hey haven’t changed a thing here. Nobody has spent any money on this place in 40 years.” Given that my new Serbian bar-owning friend was pouring free drinks, and was actually complaining that the place hadn’t been spruced up since 1976, I kept my communist architecture loving opinion to myself. He just didn’t realise we were lounging in what will undoubtedly be a future Hollywood movie set, inside a building that would bring any lover of communist chic to their knees.
Nobody quite does architecture, design, and city planning, quite like ex-communist nations. Is “communist chic”, the illusion-filled products of the glory days of communism, ripe for a glamorous new takeover of the Western wallet? If they play their red-cards right, New Belgrade – the mind altering planned socialist city across the river Sava from historic Belgrade – is in prime position to be ground zero for the next rehash of the cultural revolution.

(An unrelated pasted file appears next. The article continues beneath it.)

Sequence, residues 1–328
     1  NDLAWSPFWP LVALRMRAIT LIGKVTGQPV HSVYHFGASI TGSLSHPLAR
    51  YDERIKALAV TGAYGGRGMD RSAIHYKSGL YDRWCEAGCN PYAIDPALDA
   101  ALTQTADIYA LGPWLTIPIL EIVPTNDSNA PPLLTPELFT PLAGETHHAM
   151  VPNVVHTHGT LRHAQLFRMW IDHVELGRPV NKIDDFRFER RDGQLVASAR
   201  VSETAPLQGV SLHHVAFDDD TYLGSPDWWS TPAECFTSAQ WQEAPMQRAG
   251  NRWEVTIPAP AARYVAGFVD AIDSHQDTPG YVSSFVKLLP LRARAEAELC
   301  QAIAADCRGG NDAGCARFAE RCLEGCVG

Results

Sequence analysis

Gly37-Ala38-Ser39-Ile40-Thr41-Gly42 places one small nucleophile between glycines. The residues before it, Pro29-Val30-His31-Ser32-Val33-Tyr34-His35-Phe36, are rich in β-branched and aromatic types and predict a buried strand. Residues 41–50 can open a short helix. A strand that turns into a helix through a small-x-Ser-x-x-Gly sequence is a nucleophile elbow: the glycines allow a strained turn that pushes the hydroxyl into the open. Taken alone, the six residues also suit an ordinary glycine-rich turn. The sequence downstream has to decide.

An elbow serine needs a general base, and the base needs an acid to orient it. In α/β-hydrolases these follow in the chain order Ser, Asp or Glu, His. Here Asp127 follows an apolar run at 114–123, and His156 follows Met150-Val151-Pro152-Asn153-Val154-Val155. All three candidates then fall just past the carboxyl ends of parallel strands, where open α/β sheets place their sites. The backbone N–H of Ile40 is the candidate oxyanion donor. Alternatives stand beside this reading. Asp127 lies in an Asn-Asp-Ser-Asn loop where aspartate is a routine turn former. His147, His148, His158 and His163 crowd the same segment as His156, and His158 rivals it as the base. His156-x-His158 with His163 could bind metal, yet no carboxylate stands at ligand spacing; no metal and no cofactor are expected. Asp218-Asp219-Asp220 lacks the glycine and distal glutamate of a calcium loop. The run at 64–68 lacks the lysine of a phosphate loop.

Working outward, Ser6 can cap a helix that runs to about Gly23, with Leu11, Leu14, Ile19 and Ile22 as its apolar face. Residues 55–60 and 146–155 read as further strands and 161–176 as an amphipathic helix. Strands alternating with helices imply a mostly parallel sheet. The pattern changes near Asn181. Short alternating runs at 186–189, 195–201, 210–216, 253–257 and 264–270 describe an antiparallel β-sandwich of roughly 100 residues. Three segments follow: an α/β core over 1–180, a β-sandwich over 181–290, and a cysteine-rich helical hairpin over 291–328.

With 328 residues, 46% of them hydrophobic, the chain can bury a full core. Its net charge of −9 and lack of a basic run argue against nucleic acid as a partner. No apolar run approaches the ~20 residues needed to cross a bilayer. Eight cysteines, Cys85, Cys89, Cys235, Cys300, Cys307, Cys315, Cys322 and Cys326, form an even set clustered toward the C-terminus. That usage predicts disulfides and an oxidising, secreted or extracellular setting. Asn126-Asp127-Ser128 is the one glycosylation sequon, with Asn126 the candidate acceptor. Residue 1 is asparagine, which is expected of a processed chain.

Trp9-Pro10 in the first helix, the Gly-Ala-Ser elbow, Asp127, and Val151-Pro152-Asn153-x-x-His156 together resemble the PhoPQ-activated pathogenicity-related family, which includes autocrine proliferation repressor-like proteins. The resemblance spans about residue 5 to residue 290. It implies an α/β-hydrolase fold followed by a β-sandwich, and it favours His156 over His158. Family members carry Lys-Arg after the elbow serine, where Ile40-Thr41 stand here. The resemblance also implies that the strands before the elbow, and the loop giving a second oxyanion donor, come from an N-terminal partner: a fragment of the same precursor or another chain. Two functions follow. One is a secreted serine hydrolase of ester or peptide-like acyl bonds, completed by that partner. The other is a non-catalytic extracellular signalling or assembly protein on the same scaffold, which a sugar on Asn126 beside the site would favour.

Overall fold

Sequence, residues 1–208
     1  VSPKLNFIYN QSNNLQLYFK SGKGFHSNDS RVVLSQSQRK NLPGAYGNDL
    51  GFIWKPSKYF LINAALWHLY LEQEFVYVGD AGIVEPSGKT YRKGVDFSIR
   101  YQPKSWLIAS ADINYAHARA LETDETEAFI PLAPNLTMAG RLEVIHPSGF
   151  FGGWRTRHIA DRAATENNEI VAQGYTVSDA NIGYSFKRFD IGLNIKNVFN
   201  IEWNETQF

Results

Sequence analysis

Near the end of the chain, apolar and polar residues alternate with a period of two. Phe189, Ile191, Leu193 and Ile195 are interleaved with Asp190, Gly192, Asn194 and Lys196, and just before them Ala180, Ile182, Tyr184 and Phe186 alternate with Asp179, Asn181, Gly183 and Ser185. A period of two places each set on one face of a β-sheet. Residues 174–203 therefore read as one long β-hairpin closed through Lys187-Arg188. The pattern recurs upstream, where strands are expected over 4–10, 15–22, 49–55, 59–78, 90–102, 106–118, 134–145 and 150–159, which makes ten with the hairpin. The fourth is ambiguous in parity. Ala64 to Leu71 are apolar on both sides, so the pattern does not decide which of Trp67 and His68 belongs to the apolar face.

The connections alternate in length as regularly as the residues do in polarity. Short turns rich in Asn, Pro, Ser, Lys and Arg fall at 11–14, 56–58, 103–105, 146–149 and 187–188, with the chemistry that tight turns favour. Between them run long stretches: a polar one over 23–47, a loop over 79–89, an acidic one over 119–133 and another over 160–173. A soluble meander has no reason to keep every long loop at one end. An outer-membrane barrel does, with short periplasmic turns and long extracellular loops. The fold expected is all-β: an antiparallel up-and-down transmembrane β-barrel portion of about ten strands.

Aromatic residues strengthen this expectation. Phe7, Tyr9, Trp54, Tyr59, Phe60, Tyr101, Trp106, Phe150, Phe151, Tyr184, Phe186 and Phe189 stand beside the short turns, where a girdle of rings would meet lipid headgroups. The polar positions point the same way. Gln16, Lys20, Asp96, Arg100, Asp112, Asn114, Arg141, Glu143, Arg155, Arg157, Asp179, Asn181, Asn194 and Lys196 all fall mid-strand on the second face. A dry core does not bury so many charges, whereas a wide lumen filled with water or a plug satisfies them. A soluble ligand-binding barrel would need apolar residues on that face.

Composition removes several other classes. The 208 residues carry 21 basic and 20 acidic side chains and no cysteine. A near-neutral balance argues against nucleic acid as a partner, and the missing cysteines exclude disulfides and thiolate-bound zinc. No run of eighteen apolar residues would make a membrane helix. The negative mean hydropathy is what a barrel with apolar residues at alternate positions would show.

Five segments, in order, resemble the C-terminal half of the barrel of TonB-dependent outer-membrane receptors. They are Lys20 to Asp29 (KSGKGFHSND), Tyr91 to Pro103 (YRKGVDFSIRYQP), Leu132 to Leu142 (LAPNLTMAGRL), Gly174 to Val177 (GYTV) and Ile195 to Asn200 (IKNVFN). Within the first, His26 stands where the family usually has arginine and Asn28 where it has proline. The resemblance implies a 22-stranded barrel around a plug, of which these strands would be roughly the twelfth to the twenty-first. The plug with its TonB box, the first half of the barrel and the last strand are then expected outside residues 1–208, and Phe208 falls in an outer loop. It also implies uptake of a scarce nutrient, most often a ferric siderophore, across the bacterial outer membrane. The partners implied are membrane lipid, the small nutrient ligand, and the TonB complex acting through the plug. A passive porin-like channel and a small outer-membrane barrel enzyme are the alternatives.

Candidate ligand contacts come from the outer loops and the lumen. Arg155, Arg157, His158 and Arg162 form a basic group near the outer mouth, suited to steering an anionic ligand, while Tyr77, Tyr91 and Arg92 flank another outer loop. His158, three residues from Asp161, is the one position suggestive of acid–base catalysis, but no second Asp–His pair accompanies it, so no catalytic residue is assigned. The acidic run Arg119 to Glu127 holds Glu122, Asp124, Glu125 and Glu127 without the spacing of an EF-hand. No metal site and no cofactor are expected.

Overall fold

With a familiar blueprint, “Novi Beograd” was born from the ashes of World War II. Conceived as the new capital city of the benevolently named Federal People’s Republic of Yugoslavia, the new communist government spared little time in converting a marshy no-mans land into a symbolic socialist utopia.
It was a time of a tremendous optimism. Novi Beograd represented a completely clean slate, in more ways than one. A radically modern, centrally planned city, worthy of representing the ambition, power, and the impressive concrete pouring ability of the burgeoning communist state of Yugoslavia.